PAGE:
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Pacquiao will end his fighting career against Bradley in Las Vegas

Manny Pacquiao promised to deliver an action-packed finale to his 21-year boxing career against Tim Bradley on Friday as he prepared to climb into the ring for the last time.

Pacquiao arrives at the MGM in Las Vegas.

Pacquiao and Bradley squared up to each other before a raucous crowd of a few thousand fans at the MGM Grand Garden Arena on Friday for the weigh-in, with both men well within the 147-pound limit.

Pacquiao tipped the scales at 145.5 pounds, half a pound heavier than his weight for his last outing 11 months ago, his money-spinning mega-fight against Floyd Mayweather.

Bradley, 33-1-1, was a pound heavier at 146.5.

Pacquiao, 57-6-2, has made no secret of his desire to crown his career with an explosive display against Bradley, who has taken him the distance twice before.

"Expect more action that the last fights we had," said Pacquiao, who plans to concentrate on a political career in the Philippines when he retires.

Bradley meanwhile, who beat Pacquiao via a deeply controversial split decision in 2012 before losing the rematch, looked in formidable shape as he stripped down for the cameras.

The 32-year-old from California shrugged off catcalls from the largely pro-Pacquiao crowd, telling the audience: "I think there's going to be a lot of disappointed fans tomorrow night."

Pacquiao, who earned a staggering $150 million from his defeat to Mayweather last year, will bank another $20 million purse for Saturday's bout.

Although he has stated it is last fight, he has pointedly declined to definitively rule-out a return to the ring.

"I cannot say that I'm not going to come back," Pacquiao said this week, explaining that his mindset may change once he faces up to life without the sport that has made him fabulously rich and a national hero.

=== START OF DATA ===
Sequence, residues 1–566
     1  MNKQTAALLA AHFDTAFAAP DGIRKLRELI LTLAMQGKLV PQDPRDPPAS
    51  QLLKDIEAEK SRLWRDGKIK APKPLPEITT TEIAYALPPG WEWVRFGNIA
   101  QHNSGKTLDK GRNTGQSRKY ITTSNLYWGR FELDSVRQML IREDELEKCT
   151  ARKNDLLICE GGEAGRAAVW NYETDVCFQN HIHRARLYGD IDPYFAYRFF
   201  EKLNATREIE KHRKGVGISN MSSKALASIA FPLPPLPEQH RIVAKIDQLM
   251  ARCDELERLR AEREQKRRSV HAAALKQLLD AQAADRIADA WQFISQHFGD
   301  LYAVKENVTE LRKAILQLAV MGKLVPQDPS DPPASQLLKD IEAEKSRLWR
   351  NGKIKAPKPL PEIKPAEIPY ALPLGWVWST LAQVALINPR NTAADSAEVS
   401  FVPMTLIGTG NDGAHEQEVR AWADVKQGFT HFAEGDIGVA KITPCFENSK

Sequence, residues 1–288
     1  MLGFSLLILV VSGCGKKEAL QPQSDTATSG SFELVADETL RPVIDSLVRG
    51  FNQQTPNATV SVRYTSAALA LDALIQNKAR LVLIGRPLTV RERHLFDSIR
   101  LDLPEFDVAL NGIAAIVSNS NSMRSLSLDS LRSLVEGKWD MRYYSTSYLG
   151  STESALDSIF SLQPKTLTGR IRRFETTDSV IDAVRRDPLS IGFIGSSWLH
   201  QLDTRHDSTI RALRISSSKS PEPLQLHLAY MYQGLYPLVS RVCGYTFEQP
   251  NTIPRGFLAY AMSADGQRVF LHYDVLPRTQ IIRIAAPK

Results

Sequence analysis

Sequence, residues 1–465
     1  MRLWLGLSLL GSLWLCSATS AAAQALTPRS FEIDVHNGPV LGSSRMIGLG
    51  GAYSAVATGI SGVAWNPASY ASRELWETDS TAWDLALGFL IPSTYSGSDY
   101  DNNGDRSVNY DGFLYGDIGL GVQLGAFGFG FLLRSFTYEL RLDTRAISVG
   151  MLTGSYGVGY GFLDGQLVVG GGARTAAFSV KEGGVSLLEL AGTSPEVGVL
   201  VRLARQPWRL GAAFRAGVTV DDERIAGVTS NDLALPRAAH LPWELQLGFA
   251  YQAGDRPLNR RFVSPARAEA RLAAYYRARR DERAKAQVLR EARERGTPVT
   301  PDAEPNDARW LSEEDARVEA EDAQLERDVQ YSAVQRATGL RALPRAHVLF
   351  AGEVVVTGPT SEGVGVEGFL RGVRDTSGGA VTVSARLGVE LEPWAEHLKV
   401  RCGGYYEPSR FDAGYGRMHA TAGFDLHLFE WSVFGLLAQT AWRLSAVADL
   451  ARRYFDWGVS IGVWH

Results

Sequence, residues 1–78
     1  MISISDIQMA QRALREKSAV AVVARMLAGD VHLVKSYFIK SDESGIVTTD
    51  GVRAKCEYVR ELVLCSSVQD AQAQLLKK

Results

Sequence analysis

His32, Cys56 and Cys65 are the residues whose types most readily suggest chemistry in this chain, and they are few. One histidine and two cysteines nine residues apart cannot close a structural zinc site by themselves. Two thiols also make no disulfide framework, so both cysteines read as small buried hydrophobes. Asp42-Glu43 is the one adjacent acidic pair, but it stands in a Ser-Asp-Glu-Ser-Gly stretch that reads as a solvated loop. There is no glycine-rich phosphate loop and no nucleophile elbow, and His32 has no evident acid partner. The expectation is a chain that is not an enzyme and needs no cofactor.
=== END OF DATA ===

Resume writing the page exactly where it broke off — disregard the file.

"I don't know how I'll feel when I hang up my gloves," he added.

Those closest to Pacquiao, including his long-time trainer Freddie Roach and the veteran promoter Bob Arum, believe he may yet return.

Arum said Pacquiao could be persuaded to prolong his career if he scores a spectacular victory over Bradley.

"I think if he wins this fight well, he's going to find a way to continue," Arum said.

Roach has been in Pacquiao's corner ever since the Filipino arrived at his Hollywood gym in 2001 looking for a trainer.

"It's been 15 years of greatness," said Roach, who hopes Pacquiao will fight on.

Pre-fight preparations were overshadowed by controversy in February when the devoutly religious Pacquiao described homosexuals as "worse than animals", remarks that prompted several sponsors to sever agreements with him while also drawing widespread outrage from gay and lesbian activists.

Pacquiao is adamant that the saga did not disrupt his training. "There were no distractions," said Pacquiao, who has expressed a desire to sign off in style.

"It's really important for me to win this fight, to win convincingly," Pacquiao said. "It's part of my legacy."

Bradley said he is preparing for an onslaught from Pacquiao.

"He's going to come out like a bat out of hell and try to take my head off," Bradley said.

Bradley teamed up with veteran trainer Teddy Atlas for his most recent bout in November, which ended in a ninth round technical knockout of Brandon Rios.

Atlas and Bradley have been poring over tapes of Pacquiao's defeat to Mayweather last year, and his crushing knockout by Juan Manuel Marquez in 2012 as they attempt to concoct a gameplan to beat the Filipino.

But Atlas is under no illusions about the scale of the challenge represented by Pacquiao.

"When you're competing against someone as good as Manny -- he wins a fight because of pure talent," Atlas said.

"The combination of speed and power that he has is uncommon. He's a freak."